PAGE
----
Energy Generation—Small Modular Reactors (SMR)

Energy Generation—Small Modular Reactors (SMR) (continued)

Energy Generation—Small Modular Reactors (SMR) (continued)

Energy Generation—Transparent Photovoltaic Glass

Energy Generation—Transparent Photovoltaic Glass (continued)

Energy Generation—Transparent Photovoltaic Glass (continued)

Energy Storage

Energy Storage (continued)

Energy Storage (continued)

Propulsion—Electric and Pulse Detonation Engine (PDE)

Propulsion—Electric and Pulse Detonation Engine (PDE) (continued)

Propulsion—Electric and Pulse Detonation Engine (PDE) (continued)

Propulsion—Hypersonic Propulsion

Propulsion—Hypersonic Propulsion (continued)

Propulsion—Hypersonic Propulsion (continued)

Directed Energy Weapon (DEW)

Directed Energy Weapon (DEW) (continued)

Directed Energy Weapon (DEW) (continued)

Communication—Millimeter-wave Communications (5G)

Communication—Millimeter-wave Communications (5G) (continued)

Communication—Millimeter-wave Communications (5G) (continued)

Communication—MANET Mesh Network

Communication—MANET Mesh Network (continued)

Communication—MANET Mesh Network (continued)

Communication—SATCOM on the Move (SOTM)

Communication—SATCOM on the Move (SOTM) (continued)

Communication—SATCOM on the Move (SOTM) (continued)

Communication—Free Space Optics (FSO)

Communication—Free Space Optics (FSO) (continued)

Communication—Free Space Optics (FSO) (continued)

Computation—Cloud Computing

Computation—Cloud Computing (continued)

Computation—Cloud Computing (continued)

Computation—Quantum Computing

Computation—Quantum Computing (continued)

Computation—Quantum Computing (continued)

Artificial Intelligence—Big Data Analytics

Artificial Intelligence—Big Data Analytics (continued)

Artificial Intelligence—Big Data Analytics (continued)

Artificial Intelligence—Artificial Neural Network (ANN)

Artificial Intelligence—Artificial Neural Network (ANN) (continued)

Artificial Intelligence—Artificial Neural Network (ANN) (continued)

Artificial Intelligence—Manned Unmanned Teaming (MUM-T)

Artificial Intelligence—Manned Unmanned Teaming (MUM-T) (continued)

Artificial Intelligence—Manned Unmanned Teaming (MUM-T) (continued)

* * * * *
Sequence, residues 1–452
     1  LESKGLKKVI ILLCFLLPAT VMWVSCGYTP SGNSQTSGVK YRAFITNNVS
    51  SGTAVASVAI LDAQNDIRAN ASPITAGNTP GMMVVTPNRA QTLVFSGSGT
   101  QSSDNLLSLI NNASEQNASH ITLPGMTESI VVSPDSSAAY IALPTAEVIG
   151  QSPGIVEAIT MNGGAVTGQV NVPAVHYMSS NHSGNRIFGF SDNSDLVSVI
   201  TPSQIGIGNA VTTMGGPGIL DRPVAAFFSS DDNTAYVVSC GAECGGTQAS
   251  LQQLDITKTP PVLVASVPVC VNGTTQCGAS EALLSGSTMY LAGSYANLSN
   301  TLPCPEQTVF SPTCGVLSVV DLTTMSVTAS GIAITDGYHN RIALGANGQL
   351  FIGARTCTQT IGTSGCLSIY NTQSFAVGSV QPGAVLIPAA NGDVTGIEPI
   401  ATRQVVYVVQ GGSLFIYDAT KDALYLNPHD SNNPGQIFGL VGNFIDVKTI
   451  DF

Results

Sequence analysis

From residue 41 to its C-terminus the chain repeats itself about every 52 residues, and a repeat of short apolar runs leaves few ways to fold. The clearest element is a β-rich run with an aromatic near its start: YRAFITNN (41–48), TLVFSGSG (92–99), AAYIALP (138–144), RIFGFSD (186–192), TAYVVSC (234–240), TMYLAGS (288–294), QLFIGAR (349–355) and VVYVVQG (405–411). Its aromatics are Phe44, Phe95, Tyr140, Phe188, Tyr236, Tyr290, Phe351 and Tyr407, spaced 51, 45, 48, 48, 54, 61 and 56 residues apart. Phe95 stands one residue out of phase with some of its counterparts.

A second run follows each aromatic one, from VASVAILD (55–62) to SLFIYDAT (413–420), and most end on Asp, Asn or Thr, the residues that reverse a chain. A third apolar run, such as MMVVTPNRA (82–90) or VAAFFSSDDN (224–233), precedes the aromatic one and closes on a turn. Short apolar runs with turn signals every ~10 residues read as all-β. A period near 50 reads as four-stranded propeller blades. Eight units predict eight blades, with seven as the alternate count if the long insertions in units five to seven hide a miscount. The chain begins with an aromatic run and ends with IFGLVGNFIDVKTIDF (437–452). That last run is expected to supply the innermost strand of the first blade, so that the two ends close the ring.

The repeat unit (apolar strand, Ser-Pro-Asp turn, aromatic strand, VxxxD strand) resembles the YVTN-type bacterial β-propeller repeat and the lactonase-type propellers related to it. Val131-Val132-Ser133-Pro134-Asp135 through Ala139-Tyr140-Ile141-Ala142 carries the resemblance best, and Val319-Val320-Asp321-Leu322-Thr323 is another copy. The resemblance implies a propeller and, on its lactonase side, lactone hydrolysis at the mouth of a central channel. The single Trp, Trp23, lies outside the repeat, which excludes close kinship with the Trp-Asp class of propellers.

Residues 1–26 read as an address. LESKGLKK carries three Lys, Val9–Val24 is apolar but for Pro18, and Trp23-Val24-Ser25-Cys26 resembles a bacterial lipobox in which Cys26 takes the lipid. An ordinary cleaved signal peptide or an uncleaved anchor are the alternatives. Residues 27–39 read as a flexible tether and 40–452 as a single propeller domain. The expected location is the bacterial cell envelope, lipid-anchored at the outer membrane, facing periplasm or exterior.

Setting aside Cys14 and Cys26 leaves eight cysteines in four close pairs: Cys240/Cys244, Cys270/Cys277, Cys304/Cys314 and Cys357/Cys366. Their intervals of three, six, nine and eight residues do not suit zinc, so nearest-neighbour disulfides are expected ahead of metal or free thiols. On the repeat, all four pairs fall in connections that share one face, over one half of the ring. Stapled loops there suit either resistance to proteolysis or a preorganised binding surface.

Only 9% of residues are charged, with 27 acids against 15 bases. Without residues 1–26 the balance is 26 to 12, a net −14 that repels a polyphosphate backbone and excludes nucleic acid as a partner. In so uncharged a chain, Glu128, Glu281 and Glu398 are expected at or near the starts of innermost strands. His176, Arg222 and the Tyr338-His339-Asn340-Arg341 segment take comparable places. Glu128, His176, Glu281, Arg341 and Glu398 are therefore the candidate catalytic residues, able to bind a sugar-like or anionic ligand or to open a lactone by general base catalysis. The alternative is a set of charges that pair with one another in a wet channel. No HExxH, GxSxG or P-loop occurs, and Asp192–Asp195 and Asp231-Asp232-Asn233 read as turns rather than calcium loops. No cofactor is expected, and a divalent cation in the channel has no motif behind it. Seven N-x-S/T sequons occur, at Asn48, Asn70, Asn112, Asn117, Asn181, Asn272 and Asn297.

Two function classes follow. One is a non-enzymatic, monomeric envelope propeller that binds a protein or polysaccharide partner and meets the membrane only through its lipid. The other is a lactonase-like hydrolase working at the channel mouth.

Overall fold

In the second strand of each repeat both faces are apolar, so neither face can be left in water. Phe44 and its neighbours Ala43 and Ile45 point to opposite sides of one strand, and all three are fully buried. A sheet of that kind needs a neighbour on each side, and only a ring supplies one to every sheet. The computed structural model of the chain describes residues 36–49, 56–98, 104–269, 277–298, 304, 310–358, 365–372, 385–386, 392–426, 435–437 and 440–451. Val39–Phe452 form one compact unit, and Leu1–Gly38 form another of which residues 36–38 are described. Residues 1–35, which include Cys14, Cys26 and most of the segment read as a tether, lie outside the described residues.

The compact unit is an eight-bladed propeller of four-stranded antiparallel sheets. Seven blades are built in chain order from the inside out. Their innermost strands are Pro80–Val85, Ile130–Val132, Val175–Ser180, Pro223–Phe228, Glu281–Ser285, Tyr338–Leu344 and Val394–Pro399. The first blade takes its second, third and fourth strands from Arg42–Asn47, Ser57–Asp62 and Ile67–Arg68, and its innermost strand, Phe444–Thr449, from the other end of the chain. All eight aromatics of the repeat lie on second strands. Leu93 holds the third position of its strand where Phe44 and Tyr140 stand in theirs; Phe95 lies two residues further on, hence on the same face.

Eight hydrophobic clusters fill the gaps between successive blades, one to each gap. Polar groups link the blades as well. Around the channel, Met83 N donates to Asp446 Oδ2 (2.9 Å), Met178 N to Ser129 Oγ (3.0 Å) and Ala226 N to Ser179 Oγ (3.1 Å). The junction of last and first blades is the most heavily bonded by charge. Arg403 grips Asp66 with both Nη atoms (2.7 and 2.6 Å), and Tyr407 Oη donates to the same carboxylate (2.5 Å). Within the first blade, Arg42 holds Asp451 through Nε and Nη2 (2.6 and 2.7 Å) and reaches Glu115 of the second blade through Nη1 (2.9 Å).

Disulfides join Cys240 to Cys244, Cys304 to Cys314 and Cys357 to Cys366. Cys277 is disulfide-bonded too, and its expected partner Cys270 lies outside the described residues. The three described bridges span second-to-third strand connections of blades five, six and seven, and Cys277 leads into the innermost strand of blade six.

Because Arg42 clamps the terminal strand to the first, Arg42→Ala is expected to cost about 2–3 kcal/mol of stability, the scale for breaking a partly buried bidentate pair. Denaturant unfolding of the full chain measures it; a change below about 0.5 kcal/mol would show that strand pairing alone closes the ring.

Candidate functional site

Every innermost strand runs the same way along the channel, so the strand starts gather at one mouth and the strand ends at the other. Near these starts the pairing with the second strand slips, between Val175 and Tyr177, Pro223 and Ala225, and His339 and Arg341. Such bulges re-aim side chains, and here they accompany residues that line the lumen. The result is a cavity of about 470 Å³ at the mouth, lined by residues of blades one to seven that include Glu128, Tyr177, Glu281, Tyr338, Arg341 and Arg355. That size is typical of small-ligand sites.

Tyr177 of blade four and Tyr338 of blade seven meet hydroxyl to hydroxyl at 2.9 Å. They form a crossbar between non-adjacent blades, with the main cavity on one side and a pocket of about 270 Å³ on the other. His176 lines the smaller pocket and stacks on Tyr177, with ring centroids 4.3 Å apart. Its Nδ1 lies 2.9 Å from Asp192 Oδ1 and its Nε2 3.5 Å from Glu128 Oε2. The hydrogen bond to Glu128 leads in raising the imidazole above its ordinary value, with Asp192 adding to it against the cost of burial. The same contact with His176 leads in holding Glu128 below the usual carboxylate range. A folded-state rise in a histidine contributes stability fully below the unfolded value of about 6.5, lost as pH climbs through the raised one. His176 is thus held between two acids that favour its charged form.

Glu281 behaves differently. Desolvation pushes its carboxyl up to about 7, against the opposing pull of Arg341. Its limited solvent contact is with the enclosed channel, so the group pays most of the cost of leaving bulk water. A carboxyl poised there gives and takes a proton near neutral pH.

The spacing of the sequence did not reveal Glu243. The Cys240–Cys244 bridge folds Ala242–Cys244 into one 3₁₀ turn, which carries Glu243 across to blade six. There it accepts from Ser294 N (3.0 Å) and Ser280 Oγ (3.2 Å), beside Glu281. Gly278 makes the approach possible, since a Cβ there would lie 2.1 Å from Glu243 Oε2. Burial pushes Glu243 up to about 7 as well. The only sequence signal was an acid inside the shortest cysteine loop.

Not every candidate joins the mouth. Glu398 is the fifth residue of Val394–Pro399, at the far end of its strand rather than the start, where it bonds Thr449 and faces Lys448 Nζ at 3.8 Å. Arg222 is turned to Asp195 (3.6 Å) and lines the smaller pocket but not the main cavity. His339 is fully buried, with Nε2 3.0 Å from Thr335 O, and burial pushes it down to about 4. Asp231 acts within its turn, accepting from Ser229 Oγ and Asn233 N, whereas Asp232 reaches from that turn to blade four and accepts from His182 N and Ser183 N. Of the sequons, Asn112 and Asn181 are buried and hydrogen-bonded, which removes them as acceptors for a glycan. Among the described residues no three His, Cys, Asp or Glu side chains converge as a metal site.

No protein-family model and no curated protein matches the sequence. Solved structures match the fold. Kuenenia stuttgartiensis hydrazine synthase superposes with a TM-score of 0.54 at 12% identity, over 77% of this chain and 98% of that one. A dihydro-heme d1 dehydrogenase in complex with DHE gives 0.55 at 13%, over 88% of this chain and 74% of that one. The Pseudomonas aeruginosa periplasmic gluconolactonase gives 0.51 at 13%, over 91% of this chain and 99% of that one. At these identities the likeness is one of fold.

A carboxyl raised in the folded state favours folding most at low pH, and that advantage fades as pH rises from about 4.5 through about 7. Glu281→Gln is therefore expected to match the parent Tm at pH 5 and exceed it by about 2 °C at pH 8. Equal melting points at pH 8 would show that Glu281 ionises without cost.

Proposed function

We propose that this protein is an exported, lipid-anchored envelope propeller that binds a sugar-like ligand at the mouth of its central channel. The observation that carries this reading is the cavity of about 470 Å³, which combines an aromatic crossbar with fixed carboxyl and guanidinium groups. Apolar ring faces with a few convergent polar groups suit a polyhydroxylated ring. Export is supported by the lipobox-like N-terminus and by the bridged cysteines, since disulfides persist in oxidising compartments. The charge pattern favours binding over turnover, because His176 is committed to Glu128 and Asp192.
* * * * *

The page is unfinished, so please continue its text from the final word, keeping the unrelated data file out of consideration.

Artificial Intelligence—Swarm Robotics

Artificial Intelligence—Swarm Robotics (continued)

Artificial Intelligence—Swarm Robotics (continued)

Human Machine Interfaces and Neuroscience—Mixed Reality

Human Machine Interfaces and Neuroscience—Mixed Reality (continued)

Human Machine Interfaces and Neuroscience—Mixed Reality (continued)

Human Machine Interfaces and Neuroscience—Exoskeletons

Human Machine Interfaces and Neuroscience—Exoskeletons (continued)

Human Machine Interfaces and Neuroscience—Exoskeletons (continued)

Human Machine Interfaces and Neuroscience—Neuroelectronics

Human Machine Interfaces and Neuroscience—Neuroelectronics (continued)

Human Machine Interfaces and Neuroscience—Neuroelectronics (continued)

Blockchain in Cybersecurity

Blockchain in Cybersecurity (continued)

Blockchain in Cybersecurity (continued)

Metamaterials

Metamaterials (continued)

Metamaterials (continued)

Nanomaterials and Smart Materials

Nanomaterials and Smart Materials (continued)

Nanomaterials and Smart Materials (continued)

Additive Manufacturing (3D Printing)

Additive Manufacturing (3D Printing) (continued)

Additive Manufacturing (3D Printing) (continued)

Sensors—Gallium Nitride (GaN)

Sensors—Gallium Nitride (GaN) (continued)

Sensors—Gallium Nitride (GaN) (continued)

Sensors—Photonics

Sensors—Photonics (continued)

Sensors—Photonics (continued)

Sensors—Micro-electromechanical Systems (MEMS)

Sensors—Micro-electromechanical Systems (MEMS) (continued)

Sensors—Micro-electromechanical Systems (MEMS) (continued)

Bionic Implants

Bionic Implants (continued)

Bionic Implants (continued)

Synthetic Biology

Synthetic Biology (continued)

Synthetic Biology (continued)

Growth Opportunity 1—Energy storage